Porphyrins - blood test
Porphyrins help form many important substances in the body. One of these is hemoglobin, the protein in red blood cells that carries oxygen in the blood.
Porphyrins can be measured in the blood or the urine. This article discusses the blood test.
Protoporphyrin levels; Porphyrins -- total; Coproporphyrin levels; PROTO test
How the Test is Performed
A blood sample is needed.
The sample is then placed in ice and taken immediately to the laboratory. Three porphyrins can normally be measured in small amounts in human blood. They are:
- Protoporphyrin (PROTO)
Protoporphyrin is normally found in the highest amount. More tests are needed to show the levels of specific porphyrins.
How to Prepare for the Test
You should not eat for 12 to 14 hours before this test. You may drink water right before the test. Your test results may be affected if you do not follow these instructions.
How the Test will Feel
When the needle is inserted to draw blood, some people feel moderate pain. Others feel only a prick or stinging. Afterward, there may be some throbbing or slight bruising. This soon goes away.
Why the Test is Performed
This test is used to diagnose porphyrias. This is a group of rare disorders often passed down through family members.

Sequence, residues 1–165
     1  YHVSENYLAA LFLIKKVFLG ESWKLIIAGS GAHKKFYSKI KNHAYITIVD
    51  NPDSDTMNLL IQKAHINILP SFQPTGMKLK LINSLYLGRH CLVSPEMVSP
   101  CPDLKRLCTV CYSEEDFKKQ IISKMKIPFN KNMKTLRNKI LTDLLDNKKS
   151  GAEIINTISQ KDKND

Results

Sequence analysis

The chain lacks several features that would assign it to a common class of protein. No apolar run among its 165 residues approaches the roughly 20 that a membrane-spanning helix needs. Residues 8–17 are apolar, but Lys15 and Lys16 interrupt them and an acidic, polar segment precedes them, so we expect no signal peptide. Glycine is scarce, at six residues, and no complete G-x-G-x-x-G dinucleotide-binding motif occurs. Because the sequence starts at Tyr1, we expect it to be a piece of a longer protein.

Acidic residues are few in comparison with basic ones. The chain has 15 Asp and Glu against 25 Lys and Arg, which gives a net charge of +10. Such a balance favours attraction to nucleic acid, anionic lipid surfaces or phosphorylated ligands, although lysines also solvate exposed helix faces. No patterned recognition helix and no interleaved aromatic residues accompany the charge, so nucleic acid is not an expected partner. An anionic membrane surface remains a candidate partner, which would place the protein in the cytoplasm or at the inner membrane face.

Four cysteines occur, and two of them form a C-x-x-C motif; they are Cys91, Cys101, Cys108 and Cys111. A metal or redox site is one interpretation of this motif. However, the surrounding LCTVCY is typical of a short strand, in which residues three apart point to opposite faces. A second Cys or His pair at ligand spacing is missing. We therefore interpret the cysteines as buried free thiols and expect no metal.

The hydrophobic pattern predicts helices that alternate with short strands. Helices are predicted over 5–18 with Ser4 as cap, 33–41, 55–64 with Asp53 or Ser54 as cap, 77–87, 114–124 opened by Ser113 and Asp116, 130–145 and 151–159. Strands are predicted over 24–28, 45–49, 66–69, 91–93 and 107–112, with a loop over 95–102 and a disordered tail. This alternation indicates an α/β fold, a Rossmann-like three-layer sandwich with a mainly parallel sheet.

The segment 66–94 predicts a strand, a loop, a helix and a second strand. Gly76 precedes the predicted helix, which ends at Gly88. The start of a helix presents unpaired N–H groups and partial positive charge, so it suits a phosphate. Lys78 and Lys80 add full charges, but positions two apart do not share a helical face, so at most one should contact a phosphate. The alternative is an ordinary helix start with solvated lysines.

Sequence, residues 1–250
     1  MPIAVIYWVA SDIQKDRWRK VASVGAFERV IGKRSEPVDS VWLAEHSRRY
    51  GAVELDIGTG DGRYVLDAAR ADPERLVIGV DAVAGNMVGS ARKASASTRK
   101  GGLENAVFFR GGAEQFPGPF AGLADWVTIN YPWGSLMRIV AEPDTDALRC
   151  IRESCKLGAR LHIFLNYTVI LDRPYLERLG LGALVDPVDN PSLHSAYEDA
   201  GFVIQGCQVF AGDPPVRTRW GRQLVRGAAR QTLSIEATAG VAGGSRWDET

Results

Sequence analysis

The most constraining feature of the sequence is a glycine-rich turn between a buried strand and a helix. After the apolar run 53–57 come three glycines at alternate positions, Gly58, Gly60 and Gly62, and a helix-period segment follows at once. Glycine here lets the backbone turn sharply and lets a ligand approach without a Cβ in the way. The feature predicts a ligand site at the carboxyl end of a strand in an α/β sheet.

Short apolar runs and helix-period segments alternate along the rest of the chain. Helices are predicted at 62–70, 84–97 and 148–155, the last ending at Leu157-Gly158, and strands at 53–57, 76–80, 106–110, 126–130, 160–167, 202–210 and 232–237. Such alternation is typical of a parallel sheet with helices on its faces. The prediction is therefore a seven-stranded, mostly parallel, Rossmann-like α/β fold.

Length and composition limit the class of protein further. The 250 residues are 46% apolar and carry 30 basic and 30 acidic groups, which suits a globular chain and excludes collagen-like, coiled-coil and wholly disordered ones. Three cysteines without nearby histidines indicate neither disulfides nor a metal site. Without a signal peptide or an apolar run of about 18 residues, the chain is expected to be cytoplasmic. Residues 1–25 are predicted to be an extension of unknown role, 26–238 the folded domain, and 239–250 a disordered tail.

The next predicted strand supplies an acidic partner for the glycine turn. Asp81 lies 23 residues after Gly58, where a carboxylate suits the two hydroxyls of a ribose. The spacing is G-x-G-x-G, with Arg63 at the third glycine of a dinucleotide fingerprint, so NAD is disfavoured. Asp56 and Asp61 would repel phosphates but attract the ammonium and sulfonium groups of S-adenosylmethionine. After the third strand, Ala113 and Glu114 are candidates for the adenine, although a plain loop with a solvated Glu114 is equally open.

It may also be used along with other tests to diagnose lead poisoning and certain nervous system and skin disorders.
This test specifically measures total porphyrin levels. But, reference values (a range of values seen in a group of healthy people) for the individual components are also included:
- Total porphyrin levels: 16 to 60 mcg/dL
- Coproporphyrin level: < 2 mcg/dL
- Protoporphyrin level: 16 to 60 mcg/dL
- Uroporphyrin level: < 2 mcg/dL
Normal value ranges may vary slightly among different laboratories. Some labs use different measurements or test different samples. Talk to your doctor about the meaning of your specific test results.
What Abnormal Results Mean
Increased levels of coproporphyrins may be a sign of:
An increased protoporphyrin level may be a sign of:
- Anemia of chronic disease
- Congenital erythropoietic protoporphyria
- Increased erythropoiesis
- Iron deficiency anemia
- Lead poisoning
- Sideroblastic anemia
- Variegate porphyria
An increased uroporphyrin level may be a sign of:
- Congenital erythropoietic porphyria
- Porphyria cutanea tarda
Veins and arteries vary in size so taking a blood sample may be harder in some people than others.
Other slight risks of having blood drawn may include:
- Excessive bleeding
- Fainting or feeling lightheaded
- Hematoma (blood accumulating under the skin)
- Infection (a slight risk any time the skin is broken)
Fuller SJ, Wiley JS. Heme biosynthesis and its disorders: porphyrias and sideroblastic anemias. In: Hoffman R, Benz EJ Jr, Silberstein LE, Heslop HE, Weitz JI, Anastasi, JI, eds. Hematology: Basic Principles and Practice. 6th ed. Philadelphia, PA: Elsevier Saunders; 2012:chap 36.
Mathyr SC, Schexneider KI, Hutchison RE. Hematopoiesis. In: McPherson RA, Pincus MR, eds. Henry's Clinical Diagnosis and Management by Laboratory Methods. 22nd ed. Philadelphia, PA: Elsevier Saunders; 2011:chap 31.
Reviewed By: Yi-Bin Chen, MD, Leukemia/Bone Marrow Transplant Program, Massachusetts General Hospital, Boston, MA. Also reviewed by David Zieve, MD, MHA, Isla Ogilvie, PhD, and the A.D.A.M. Editorial team.